Going Old School with Church Communication

Is your church leveraging chatbots to reach people? Are you leveraging a social media listening tool to understand the sentiment towards your church? What’s your Instagram story strategy to engage people in your community? Is your church ready for augmented reality and the impact that will have people attending your services?

STOP!

Too many church leaders are running too quickly to optimize the latest communication tools to reach people in their community while they are ignoring “low hanging” fruit with “old school” technologies with proven abilities to do the same. Before your church figures out the latest tool or trend, you need to make sure that you are leveraging existing channels.

In January, Facebook announced its latest changes to the news feed which means organizations like ours are going to see even less “organic” reach on that channel. In fact, many brands are reporting a 50% drop in traffic from the social media behemoth in just a matter of weeks. [ref] This underlines that no church communications strategy can be single source dependent but needs to employ a wide variety of channels to reach your people and your community.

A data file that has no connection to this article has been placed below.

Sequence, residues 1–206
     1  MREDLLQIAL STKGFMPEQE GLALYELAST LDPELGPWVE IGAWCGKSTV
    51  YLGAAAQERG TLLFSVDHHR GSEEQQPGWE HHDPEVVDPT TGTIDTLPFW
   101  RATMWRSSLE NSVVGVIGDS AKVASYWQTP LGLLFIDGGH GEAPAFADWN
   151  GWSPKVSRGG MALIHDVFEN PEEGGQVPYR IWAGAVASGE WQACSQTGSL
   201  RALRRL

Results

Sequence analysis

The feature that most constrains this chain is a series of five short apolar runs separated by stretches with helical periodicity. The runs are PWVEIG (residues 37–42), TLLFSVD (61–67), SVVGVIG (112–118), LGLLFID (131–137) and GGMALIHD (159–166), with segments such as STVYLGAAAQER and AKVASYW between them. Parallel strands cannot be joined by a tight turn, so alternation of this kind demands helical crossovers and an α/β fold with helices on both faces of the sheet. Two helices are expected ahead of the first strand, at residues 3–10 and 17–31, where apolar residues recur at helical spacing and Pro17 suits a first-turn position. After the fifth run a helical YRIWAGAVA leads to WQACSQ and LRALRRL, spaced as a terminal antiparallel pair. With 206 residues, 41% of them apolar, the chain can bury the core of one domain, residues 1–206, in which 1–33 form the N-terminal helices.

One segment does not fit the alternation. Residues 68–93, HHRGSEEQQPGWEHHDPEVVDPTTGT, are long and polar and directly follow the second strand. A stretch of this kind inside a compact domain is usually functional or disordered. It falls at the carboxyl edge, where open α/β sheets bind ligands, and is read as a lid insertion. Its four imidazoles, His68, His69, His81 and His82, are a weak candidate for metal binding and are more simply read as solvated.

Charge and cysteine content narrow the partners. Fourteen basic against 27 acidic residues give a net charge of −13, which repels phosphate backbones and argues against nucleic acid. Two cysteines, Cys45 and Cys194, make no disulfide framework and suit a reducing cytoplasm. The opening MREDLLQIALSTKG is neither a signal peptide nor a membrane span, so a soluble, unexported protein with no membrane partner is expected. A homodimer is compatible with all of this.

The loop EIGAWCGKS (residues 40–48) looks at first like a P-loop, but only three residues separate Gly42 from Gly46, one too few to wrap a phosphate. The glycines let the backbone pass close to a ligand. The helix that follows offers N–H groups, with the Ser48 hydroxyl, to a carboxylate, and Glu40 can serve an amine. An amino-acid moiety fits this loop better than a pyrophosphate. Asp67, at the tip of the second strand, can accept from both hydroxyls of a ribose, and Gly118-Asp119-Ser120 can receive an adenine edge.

3 Reasons Church Leaders Are Drawn to the Latest Communication Technologies

  • Shiny Object Syndrome // Too many of us are drawn towards the “latest” thing because it’s the latest thing. We hear some tech blogger talk about the latest whiz-bang service and we’re convinced that will solve our communication issues. The act of jumping from one shiny object to the next means that we don’t take time to dig deep and optimize any given channel.
  • FREE is in our Budget // Most of us are trying to figure out how to reach more people with little or no financial investment. Lots of digital marketing solutions start out using “free” as a marketing tactic to get businesses using their platforms, and we’re drawn to that pricing! Over time, these platforms end up charging for what they were giving away, which means, we need to move on.
  • We’re Aware Consumers // Lots of church leaders I know are actively engaged in the world around us. We spend time not just floating through life but are curious individuals. This is a great way to be! We see other organizations and businesses communicating with their communities and wonder what would happen if we applied those lessons to what we do in our church. In the end, we can be left bolting on one new strategy after another and ignoring legacy approaches that are still highly effective.